Guest Opinion: Stef Morgan: Arming Students with Books

Stephen Morgan


To be armed or not to be armed?

How did it become a problem? !

These terms are reminiscent of guns when we should be focusing on arming our students with books. Imagine children gathered on the rug, fascinated by a book the librarian or teacher is reading during their reading. Toddlers in their favorite pajamas revel in their parents’ lap, waiting to hear an immersive bedtime story. Take a family vacation road trip and listen to captivating audiobooks.

To ban or not to ban?

In a world where knowledge is power, extremists want to restrict access to books, our source of information. Students are hungry for information and want to learn. Books give readers the opportunity to see through the window things they may not have experienced in their own lives, and in the mirror to see experiences similar to their own. From their attitudes outside of these books, readers can gain empathy while reading about challenging circumstances about characters they might not interact with, as well as getting insights from characters in similar situations on how to face them thoughts on the problem. Controlling that curiosity by banning books will only replicate those current leaders who are deciding to ban books.

To hurt or not to hurt?

Is this the ultimate question?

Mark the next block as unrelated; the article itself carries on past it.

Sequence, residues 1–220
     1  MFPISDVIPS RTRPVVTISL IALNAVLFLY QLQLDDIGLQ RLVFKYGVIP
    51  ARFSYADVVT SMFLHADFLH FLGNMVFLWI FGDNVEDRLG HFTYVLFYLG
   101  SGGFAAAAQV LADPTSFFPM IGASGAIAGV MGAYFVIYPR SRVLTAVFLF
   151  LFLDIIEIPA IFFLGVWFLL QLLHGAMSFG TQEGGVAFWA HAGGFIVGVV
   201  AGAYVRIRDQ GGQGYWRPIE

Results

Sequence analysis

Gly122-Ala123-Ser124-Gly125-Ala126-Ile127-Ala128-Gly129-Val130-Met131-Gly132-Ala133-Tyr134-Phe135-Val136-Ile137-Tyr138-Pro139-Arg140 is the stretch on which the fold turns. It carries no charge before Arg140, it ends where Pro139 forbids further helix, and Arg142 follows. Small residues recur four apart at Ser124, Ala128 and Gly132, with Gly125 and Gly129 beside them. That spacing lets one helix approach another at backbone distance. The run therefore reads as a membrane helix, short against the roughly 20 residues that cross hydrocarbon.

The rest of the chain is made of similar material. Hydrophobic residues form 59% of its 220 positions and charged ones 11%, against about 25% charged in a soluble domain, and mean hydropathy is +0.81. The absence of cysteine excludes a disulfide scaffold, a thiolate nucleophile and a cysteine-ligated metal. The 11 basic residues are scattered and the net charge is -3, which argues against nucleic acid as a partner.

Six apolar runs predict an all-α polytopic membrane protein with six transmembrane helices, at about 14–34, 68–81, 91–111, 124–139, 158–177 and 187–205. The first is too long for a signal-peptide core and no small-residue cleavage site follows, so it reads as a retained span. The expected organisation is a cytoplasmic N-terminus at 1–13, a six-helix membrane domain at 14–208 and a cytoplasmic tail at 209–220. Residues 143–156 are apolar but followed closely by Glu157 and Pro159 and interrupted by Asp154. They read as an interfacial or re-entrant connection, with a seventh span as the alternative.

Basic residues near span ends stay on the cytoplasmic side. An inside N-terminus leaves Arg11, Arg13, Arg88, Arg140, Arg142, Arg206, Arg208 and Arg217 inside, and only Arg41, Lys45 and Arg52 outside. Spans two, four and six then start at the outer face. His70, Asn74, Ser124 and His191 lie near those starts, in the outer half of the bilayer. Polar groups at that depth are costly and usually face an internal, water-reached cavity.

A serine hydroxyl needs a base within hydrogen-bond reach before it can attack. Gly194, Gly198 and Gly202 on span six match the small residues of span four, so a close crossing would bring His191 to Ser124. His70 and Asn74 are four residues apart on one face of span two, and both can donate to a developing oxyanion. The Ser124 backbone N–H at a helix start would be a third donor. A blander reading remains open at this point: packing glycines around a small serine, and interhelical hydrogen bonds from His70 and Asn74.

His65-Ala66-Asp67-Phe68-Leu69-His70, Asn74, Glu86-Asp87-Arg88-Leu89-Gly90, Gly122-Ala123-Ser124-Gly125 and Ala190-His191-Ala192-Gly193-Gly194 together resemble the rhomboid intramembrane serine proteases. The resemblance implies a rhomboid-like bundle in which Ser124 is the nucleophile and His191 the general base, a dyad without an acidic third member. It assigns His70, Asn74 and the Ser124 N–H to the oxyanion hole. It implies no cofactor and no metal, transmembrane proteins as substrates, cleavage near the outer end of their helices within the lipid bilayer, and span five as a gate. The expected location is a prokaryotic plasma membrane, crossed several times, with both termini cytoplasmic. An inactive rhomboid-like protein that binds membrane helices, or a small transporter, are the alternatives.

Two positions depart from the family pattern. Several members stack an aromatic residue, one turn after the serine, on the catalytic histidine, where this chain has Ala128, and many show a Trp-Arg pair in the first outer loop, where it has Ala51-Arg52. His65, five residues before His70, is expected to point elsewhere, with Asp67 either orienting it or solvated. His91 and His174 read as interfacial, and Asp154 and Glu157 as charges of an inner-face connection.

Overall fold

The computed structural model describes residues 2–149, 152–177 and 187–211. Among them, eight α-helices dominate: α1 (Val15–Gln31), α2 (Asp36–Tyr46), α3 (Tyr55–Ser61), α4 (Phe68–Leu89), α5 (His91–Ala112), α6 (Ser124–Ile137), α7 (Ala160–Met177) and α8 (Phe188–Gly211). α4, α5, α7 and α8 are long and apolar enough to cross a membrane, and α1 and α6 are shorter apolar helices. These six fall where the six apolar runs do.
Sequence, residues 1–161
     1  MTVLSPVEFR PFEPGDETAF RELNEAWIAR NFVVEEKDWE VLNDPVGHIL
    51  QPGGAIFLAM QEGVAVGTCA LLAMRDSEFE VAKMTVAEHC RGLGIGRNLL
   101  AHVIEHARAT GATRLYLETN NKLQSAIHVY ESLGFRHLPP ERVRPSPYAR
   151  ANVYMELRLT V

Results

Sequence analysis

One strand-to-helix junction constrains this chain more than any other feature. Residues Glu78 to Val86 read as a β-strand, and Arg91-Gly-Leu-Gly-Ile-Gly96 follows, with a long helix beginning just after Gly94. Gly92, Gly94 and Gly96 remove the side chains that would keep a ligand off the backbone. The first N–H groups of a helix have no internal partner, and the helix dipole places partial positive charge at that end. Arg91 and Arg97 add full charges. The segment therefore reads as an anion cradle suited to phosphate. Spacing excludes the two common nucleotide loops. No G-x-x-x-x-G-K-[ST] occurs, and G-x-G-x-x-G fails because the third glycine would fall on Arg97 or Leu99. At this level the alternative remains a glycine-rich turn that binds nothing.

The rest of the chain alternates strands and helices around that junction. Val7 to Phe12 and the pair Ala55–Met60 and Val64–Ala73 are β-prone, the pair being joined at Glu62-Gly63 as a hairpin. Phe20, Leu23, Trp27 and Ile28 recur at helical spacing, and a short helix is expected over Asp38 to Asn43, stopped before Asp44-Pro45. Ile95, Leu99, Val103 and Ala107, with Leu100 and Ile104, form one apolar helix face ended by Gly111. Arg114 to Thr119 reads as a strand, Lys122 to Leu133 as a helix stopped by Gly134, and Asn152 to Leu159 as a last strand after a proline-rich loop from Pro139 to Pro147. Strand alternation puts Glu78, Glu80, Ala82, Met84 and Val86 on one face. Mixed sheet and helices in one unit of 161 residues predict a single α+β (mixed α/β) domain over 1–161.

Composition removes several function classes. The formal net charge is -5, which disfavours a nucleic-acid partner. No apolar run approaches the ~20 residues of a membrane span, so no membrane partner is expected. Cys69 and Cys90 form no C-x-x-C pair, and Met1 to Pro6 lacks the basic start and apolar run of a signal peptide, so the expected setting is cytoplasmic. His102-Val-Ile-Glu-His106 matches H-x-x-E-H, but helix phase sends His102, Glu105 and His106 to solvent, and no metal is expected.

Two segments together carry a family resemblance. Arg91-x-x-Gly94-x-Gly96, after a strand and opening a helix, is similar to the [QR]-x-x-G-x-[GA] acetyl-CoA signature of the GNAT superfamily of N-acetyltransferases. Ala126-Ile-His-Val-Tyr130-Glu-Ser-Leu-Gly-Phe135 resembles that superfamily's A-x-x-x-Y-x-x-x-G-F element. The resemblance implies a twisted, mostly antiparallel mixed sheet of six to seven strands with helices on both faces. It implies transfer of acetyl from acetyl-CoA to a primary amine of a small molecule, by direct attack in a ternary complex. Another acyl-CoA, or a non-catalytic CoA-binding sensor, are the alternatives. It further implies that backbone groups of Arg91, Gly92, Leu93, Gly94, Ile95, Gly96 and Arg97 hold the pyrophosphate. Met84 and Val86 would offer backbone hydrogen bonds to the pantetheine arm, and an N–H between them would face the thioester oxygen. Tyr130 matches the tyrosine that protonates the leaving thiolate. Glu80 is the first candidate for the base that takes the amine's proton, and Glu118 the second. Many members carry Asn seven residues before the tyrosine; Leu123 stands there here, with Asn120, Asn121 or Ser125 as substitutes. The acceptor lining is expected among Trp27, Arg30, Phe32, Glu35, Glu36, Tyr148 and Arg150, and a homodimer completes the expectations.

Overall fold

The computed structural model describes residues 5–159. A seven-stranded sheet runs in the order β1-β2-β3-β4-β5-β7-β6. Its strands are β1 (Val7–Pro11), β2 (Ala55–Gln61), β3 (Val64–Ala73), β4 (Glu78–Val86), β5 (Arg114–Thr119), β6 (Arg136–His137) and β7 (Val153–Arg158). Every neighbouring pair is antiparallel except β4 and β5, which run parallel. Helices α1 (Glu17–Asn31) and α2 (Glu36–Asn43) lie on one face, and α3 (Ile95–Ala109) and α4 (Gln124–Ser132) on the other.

What is more harmful? Book or gun?

Weapons do not create a comfortable, safe learning environment, nor do they nourish the curious mind. So it is very ironic that those who want to ban books are defending the rights of those who want to carry offensive weapons, even young people.

We need to lay down our weapons and pick up our books! Our world needs to be properly armed – books. Harper Lee’s To Kill a Mockingbird helps readers understand white privilege and racism deep in the South. “The Absolutely True Diary of a Part-Time Indian” by Sherman Alexie helps readers understand life on Indian reservations. Between Mice and Men by John Steinbeck helps readers understand the struggles of humanity during the Great Depression. Each of these books, and countless others, provide a window into a world that middle-class whites may not understand, yet they are on the banned list. Such books must never be banned. Instead, they should be nurtured to arm tomorrow’s leaders with empathy and understanding.

We need dedicated educators to lead national renaissance. People are not afraid of what they understand. Books help deepen our understanding of the world and the people around us. Teachers can help citizens learn to accept who they are and have an interest in bridging differences between themselves and others, and how to understand opposing viewpoints and resolve conflicts peacefully.

No guns.

No book ban.

Just a course with tons of books and love.

Arm our children with critical thinking skills.

Only in this way can future generations engage constructively with those around them who are both similar to them and different from them.


Stef Morgan is a teacher. Morgan lives in Boulder.

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